After a little over a year, Judge Tarek Bitar announced that he would be resuming his investigation into the August 4 Beirut Port explosion.
This announcement came as a surprise to many as his investigation was being held up in legal disputes that were still yet to be ruled on.
According to Bitar, though, a legal precedent allows him to continue his work unimpeded even while the cases against him are still in the courts.
However, almost immediately, the political establishment in Lebanon struck back in an attempt to once again suspend the investigation that has implicated several of them in the explosion that killed over 200 people and injured thousands more.
This has set up a legal and political showdown that, according to Amnesty International’s Deputy Regional Director for the Middle East and North Africa Aya Majzoub, makes it very “unclear what’s going to happen.”
The thorn in the political establishment
After the Beirut Blast occurred on August 4, 2020, there were immediate calls for an investigation into the tragic incident and how 2,750 tons of ammonium nitrate ended up being improperly stored in Hangar 12.
Those in Lebanon had little faith that a serious judge would be appointed to head the investigation. But that all changed when Fadi Sawan was tapped to look into the explosion.
Sawan quickly began calling current and former politicians into questioning, leading these same politicians to file cases against him in the courts, arguing that he was unfit to lead such an investigation.
The Court of Cassations, Lebanon’s highest judicial body, decided to remove Sawan from the investigation.
Soon after Sawan’s removal, Bitar was appointed as the lead investigator and picked up where Sawan left off, calling on these same politicians to come in for questioning.
Once more, the politicians refused to comply and began filing cases against him. However, this time, the courts ruled in Bitar’s favor and continued to do so even after several further attempts to have him removed through the legal process.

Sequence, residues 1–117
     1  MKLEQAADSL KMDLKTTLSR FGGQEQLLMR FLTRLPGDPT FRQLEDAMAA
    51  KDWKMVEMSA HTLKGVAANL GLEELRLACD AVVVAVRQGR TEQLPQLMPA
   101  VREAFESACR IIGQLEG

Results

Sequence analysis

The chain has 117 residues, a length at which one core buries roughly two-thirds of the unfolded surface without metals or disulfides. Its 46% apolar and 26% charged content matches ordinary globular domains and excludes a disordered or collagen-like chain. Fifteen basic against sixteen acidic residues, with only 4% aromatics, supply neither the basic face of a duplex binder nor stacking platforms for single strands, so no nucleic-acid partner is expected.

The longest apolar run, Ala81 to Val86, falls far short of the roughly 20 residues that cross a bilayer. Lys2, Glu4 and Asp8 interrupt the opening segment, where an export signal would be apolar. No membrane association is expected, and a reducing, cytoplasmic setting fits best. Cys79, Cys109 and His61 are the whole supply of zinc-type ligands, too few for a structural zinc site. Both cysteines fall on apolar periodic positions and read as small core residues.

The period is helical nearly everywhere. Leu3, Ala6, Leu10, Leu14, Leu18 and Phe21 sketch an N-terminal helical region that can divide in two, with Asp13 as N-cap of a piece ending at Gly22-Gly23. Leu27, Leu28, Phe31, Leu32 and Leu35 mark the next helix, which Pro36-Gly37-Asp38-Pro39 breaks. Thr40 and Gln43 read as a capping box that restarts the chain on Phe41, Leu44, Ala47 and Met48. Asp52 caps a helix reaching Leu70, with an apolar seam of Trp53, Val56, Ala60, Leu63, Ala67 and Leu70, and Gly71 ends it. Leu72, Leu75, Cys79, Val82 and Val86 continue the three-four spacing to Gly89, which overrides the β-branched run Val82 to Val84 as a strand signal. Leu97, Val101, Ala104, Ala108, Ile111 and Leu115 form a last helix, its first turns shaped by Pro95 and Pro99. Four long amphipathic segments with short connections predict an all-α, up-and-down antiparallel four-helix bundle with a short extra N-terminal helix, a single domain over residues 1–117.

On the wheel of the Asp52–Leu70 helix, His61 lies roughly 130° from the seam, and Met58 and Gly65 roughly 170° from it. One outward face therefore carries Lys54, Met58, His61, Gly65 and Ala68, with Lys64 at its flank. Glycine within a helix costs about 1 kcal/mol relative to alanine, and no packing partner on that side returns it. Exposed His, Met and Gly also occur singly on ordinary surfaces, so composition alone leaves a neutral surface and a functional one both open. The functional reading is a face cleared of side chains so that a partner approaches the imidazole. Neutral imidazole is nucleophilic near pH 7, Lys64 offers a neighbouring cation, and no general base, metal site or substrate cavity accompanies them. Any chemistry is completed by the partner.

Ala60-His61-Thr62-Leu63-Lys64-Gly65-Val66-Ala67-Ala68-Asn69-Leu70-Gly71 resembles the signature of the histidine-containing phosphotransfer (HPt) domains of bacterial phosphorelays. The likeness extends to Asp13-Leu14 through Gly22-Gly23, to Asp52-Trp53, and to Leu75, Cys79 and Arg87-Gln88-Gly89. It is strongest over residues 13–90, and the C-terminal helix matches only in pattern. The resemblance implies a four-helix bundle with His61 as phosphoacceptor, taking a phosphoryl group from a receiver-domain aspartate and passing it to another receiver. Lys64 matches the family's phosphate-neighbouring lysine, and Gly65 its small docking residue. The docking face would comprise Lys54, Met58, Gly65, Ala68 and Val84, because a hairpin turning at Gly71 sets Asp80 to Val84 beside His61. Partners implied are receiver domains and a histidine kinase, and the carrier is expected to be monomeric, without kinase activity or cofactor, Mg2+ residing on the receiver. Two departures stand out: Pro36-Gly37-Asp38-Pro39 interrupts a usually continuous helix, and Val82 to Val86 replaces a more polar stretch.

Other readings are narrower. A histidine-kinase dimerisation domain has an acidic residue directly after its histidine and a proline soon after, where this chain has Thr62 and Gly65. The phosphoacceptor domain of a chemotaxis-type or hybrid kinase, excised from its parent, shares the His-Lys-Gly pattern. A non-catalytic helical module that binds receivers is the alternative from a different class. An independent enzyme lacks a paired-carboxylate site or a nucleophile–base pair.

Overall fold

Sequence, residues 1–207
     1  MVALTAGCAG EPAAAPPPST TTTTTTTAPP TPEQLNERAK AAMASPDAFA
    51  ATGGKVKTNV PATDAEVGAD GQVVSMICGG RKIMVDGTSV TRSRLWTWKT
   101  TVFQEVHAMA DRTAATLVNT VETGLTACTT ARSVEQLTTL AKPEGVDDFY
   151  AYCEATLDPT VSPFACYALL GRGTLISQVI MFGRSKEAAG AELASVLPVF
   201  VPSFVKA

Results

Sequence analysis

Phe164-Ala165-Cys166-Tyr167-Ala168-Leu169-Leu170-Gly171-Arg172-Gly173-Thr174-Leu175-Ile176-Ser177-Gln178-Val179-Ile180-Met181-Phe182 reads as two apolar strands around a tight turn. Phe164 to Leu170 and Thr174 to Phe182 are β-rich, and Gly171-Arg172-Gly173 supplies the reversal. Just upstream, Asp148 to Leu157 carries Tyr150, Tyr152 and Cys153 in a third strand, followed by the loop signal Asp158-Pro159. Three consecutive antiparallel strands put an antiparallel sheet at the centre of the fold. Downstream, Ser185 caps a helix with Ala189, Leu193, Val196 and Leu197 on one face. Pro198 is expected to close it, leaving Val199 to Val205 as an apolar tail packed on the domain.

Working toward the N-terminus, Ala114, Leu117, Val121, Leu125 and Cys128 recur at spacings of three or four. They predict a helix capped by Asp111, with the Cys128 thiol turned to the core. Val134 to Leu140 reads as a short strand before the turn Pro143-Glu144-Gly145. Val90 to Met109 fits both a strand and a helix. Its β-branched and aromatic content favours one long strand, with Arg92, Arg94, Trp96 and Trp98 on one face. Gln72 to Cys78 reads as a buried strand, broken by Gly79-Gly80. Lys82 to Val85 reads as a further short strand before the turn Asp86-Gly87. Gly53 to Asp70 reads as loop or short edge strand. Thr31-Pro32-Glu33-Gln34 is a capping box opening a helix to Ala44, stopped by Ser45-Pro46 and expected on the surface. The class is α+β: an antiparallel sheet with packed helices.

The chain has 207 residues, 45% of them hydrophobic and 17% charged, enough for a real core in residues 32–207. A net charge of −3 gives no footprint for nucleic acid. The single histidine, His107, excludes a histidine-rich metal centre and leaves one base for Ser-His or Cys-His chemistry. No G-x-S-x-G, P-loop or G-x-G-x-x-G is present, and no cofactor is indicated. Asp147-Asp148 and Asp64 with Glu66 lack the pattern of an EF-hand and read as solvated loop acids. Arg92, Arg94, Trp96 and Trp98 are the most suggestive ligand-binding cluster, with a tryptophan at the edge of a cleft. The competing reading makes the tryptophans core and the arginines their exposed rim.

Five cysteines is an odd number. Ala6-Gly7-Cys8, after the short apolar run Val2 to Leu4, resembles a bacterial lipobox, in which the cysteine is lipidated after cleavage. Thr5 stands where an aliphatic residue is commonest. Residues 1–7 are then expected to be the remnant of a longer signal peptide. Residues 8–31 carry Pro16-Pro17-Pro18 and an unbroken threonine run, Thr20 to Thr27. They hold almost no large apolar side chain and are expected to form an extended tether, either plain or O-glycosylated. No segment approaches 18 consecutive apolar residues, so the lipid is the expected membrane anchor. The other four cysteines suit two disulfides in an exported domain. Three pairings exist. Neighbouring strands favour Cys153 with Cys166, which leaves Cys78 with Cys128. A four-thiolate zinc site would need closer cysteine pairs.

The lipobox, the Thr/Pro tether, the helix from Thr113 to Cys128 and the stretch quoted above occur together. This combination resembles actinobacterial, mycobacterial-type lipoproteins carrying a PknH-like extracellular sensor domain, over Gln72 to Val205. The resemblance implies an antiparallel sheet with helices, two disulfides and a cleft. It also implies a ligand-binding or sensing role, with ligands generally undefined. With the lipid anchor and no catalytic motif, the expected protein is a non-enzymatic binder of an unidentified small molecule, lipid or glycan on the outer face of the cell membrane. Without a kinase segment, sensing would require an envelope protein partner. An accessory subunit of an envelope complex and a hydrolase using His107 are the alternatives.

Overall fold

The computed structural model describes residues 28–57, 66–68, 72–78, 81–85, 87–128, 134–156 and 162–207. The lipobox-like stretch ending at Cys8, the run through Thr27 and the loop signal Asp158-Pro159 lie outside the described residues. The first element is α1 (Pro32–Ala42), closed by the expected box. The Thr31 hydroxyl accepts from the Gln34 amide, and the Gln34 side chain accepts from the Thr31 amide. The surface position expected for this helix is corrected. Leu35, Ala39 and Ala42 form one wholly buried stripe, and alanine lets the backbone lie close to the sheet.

This led to Hezbollah and the Amal Movement staging a protest on October 14, 2021 in Beirut that called for Bitar’s removal, an event that led to the deadly Tayouneh clashes.
We’re not really sure what’s going to happen, but all indications point to the fact that the judicial authorities and the security bodies are not going to cooperate Bitar and they are not going to execute his orders and his requests.
Hezbollah and its allies did not stop trying to have Bitar removed and continued to push the narrative that the judge was leading the country down a dangerous path.
But this also did not seem to work, and it was not until December 2021 when a case filed by the politicians being investigated by Bitar finally brought the investigation to a grinding halt.
The judge that was supposed to decide the case was deemed unfit to try the case and was removed. No new judge has been selected to take their place yet.
So, for over a year, the investigation seemed all but dead.
That was until January 23, 2023 when Bitar unexpectedly announced that, under a legal precedent, he would be allowed to resume his work.
Bitar acted quickly, announcing that five of those that had been held in detention essentially since the start of the investigation would be released.
In addition to this, Bitar also charged eight new people, including public prosecutor Ghassan Oueidat and Lebanon’s top intelligence official Maj. Gen. Abbas Ibrahim. The others charged were judges Ghassan Khoury and Jad Maalouf, State Security head Maj. Gen. Tony Saliba, Higher Customs Council head Asaad Toufaili, Higher Customs Council member Gracia al-Qazzi and former Prime Minister Hassan Diab..
It did not take long, though, for the political establishment to react to Bitar’s announcements.
In response to Bitar resuming his work, Oueidat, who had been charged by Bitar, stated the following day, January 24, that Bitar was, in fact, not allowed to resume the investigation.
It is unclear if Oueidat, a public prosecutor, has the authority to halt Bitar’s investigation as Bitar is not technically working under the same legal body.
Previously, when the investigation was suspended, it gave the political establishment the ability to deny that they were trying to interfere with the investigation since it was, technically, a matter for the courts to decide.
“While the investigation was suspended it was a convenient excuse to say that ‘we’re not blocking the investigation. The investigation is suspended due to legal challenges,'” Majzoub stated.